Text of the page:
Left: The main building of the old Falcon Foundry, rebuilt on Falcon Square. Right: The former foundry building with the new Mercat (or Market) Cross in the foreground.
The Falcon Foundry was one of several operating in Inverness when the iron-founding industry was part of the industrial scene here in the nineteenth century. It predated the Rose Street Foundry, having been established in 1858 by John Falconer. It was originally beside Inverness Railway Station, but the main part was dismantled and rebuilt here during the redevelopments of the later 1990s. The building now houses a shop and a restaurant.
The (new) Mercat Cross in Falcon Square, by Gerald.
This thirty-seven foot high sandstone pillar in the middle of the new square is topped by a bronze unicorn, and circled by a swooping falcon in various stages of its flight. It is seen catching its prey at its lowest point (see last image, below). The monument was designed by the artist and sculptor Gerald Laing (1826-2011), who had once set up a foundry himself. One of his sons had later set up the Black Isle Bronze Foundry in Nairn. It is an imaginative and impressive tribute — to Falconer himself, to the city's industrial past, and to the expertise of iron-founders. Unveiled in 2003, it is much bigger and more noticeable than the old Mercat Cross, with its more staid heraldic unicorn carved by Andrew Davidson.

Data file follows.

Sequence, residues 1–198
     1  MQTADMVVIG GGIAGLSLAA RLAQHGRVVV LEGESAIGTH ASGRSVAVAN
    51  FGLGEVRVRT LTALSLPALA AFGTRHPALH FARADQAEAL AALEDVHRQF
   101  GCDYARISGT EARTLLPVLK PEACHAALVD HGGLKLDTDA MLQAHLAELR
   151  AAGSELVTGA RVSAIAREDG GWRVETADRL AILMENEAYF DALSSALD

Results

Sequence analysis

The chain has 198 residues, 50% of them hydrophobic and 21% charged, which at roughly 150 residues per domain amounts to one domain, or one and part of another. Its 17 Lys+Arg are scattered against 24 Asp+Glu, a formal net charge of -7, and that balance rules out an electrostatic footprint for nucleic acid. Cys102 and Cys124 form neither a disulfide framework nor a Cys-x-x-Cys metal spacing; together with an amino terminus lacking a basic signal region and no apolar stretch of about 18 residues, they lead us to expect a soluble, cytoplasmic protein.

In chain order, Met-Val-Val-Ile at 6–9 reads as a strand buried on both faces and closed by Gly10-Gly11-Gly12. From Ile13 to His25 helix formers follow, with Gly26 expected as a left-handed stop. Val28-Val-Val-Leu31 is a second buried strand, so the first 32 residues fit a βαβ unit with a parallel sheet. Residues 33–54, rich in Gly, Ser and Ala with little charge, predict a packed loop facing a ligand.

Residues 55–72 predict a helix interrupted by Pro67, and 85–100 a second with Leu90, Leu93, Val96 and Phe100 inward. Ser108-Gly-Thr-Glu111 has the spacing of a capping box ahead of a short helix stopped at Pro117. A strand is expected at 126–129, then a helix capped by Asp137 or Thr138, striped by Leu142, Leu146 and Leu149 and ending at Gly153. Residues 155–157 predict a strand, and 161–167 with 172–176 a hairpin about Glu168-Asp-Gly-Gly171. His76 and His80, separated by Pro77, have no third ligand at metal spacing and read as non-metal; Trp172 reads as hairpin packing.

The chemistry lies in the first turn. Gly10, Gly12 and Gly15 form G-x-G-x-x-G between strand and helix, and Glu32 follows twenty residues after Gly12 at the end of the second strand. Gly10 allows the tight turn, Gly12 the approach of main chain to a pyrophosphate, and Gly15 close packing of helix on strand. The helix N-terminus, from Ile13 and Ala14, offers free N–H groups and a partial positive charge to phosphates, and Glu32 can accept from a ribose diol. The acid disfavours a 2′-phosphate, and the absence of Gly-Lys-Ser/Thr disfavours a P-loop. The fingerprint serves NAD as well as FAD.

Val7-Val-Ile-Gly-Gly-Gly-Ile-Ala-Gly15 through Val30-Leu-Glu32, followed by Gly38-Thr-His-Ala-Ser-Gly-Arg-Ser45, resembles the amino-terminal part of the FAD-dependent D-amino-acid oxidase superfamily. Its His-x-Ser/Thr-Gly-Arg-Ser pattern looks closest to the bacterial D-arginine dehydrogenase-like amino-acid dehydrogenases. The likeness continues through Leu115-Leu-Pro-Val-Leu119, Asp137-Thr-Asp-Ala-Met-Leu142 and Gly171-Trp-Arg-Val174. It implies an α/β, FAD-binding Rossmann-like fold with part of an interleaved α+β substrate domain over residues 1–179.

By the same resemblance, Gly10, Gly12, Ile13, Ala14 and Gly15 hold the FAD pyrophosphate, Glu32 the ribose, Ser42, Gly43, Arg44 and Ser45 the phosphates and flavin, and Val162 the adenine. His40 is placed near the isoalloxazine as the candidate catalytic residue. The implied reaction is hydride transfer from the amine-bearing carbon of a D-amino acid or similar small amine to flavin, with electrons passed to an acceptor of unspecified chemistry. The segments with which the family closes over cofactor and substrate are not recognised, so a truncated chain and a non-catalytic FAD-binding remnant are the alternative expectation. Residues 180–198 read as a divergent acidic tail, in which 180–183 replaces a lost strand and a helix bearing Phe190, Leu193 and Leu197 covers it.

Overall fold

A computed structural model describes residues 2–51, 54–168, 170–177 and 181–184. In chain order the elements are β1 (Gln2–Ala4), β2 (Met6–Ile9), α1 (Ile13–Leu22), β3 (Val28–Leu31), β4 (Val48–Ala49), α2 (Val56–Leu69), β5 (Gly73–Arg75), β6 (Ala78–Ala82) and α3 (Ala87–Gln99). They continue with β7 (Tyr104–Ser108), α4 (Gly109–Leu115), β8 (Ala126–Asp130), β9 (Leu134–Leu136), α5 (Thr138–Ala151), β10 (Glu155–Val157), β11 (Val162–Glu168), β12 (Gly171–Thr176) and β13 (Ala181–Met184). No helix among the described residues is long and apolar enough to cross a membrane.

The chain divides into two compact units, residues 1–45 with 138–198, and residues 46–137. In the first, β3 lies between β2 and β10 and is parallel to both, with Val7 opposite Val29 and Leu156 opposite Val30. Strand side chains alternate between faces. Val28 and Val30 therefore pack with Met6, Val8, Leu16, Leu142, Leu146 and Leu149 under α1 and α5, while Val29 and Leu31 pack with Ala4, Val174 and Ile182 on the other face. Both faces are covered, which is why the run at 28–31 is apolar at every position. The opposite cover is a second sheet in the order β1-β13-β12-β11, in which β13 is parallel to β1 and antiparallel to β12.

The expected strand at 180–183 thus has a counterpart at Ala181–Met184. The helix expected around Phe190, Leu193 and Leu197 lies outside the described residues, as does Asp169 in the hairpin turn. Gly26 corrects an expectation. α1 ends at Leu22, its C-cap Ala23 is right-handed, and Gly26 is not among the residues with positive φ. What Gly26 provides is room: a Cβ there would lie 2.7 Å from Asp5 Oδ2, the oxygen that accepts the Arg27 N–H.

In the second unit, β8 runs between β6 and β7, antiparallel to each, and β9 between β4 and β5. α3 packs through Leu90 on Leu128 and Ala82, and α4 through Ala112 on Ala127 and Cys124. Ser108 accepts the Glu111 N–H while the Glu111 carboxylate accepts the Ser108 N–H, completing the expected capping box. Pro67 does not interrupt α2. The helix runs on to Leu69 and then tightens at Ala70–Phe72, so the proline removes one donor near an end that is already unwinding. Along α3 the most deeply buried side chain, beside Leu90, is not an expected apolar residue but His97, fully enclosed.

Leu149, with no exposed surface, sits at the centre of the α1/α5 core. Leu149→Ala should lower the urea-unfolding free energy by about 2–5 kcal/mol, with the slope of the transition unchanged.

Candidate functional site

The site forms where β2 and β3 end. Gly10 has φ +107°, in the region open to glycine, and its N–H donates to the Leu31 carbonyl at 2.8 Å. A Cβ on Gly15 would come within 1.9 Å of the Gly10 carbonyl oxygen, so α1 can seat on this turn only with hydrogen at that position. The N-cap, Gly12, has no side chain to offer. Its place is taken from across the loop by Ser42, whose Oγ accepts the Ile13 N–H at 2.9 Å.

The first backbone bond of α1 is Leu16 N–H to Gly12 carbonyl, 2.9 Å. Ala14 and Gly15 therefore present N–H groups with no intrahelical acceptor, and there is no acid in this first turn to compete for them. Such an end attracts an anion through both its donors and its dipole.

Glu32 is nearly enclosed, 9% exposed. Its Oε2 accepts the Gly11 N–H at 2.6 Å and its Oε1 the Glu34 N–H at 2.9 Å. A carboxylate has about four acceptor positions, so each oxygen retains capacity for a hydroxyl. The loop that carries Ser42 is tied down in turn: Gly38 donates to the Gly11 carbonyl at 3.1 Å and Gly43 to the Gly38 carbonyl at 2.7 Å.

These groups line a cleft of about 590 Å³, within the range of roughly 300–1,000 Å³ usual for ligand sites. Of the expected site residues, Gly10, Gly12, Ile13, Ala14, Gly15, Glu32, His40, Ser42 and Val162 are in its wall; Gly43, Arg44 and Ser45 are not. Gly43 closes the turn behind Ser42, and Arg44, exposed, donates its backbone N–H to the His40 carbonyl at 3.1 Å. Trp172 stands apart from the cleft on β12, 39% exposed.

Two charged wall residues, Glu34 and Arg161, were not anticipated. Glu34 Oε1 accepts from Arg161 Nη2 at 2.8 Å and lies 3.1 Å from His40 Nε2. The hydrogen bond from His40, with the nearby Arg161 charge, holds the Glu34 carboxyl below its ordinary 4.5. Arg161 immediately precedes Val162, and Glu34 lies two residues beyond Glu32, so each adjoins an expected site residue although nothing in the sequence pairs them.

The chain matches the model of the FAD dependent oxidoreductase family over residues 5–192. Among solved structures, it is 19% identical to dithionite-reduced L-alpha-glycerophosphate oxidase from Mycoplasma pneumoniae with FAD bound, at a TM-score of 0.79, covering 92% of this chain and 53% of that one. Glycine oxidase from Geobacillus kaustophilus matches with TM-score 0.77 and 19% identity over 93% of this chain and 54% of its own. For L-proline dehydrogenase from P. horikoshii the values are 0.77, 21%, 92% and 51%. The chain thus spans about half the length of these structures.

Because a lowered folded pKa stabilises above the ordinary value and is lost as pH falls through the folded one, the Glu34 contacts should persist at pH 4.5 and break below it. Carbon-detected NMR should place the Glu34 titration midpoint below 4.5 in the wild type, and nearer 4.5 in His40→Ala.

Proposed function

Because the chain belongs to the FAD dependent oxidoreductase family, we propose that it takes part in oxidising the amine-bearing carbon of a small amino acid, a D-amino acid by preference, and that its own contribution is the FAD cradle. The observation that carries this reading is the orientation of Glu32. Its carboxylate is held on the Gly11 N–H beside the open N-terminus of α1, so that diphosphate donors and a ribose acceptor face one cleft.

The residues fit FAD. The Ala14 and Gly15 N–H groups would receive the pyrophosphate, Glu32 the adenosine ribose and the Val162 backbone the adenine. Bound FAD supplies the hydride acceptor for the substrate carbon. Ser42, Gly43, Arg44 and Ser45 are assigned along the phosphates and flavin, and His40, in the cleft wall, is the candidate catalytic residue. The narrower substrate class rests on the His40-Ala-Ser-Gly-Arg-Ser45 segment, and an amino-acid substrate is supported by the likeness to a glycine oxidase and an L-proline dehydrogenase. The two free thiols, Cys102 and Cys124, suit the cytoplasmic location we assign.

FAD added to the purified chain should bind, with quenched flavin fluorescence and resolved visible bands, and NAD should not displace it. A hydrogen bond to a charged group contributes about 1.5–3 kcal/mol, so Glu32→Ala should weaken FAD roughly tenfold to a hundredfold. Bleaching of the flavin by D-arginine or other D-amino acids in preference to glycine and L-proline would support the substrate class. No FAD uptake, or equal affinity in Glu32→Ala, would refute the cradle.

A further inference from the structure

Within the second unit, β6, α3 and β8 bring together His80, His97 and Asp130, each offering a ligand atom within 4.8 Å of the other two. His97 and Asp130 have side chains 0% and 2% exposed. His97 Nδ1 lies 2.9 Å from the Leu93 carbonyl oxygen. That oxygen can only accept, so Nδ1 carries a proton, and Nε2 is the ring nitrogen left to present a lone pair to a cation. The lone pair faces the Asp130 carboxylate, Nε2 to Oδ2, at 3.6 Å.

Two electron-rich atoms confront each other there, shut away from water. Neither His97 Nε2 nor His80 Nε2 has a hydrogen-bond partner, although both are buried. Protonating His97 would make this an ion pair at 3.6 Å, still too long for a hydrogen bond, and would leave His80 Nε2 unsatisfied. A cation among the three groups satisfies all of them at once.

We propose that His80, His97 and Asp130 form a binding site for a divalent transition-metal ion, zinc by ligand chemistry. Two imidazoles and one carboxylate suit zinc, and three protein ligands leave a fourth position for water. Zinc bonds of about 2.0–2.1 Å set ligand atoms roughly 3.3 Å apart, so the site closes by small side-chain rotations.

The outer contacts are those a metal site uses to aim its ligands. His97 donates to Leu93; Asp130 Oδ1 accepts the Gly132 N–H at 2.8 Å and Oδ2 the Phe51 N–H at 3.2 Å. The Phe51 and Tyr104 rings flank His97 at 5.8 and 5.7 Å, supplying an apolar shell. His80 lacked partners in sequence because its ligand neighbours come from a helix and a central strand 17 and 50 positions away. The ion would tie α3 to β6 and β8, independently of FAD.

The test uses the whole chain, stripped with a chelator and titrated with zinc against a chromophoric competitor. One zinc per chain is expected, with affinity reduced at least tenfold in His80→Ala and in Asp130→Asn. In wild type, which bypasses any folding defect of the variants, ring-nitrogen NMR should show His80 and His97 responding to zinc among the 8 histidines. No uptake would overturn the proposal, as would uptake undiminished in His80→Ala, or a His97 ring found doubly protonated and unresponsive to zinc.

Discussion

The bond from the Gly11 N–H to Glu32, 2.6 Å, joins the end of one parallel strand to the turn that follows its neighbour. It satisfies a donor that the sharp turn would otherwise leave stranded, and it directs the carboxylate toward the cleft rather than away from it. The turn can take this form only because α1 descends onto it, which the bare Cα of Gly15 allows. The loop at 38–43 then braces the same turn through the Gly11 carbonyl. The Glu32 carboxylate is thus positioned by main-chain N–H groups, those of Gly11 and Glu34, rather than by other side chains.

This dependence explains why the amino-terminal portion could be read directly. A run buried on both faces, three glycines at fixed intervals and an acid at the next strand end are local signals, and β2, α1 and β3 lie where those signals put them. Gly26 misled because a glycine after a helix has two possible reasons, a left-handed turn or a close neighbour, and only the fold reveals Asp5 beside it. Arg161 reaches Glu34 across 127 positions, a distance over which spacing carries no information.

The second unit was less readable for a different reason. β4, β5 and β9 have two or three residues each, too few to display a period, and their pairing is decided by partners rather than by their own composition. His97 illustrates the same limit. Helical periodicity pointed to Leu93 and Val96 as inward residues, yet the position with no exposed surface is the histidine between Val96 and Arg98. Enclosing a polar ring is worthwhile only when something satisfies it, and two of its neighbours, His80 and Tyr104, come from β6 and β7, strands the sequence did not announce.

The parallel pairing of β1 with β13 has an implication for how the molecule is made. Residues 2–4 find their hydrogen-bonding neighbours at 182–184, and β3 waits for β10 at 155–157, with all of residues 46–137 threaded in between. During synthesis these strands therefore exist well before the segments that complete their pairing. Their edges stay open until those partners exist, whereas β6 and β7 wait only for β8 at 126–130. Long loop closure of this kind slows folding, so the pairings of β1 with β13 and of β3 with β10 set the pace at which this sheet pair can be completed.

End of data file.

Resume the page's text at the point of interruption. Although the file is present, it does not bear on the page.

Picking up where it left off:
Photographs, captions and commentary by Jacqueline Banerjee. You may use these images without prior permission for any scholarly or educational purpose as long as you (1) credit the photographer and (2) link your document to this URL or cite it in a print document. [Click on the images to enlarge them.]
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Created 7 January 2018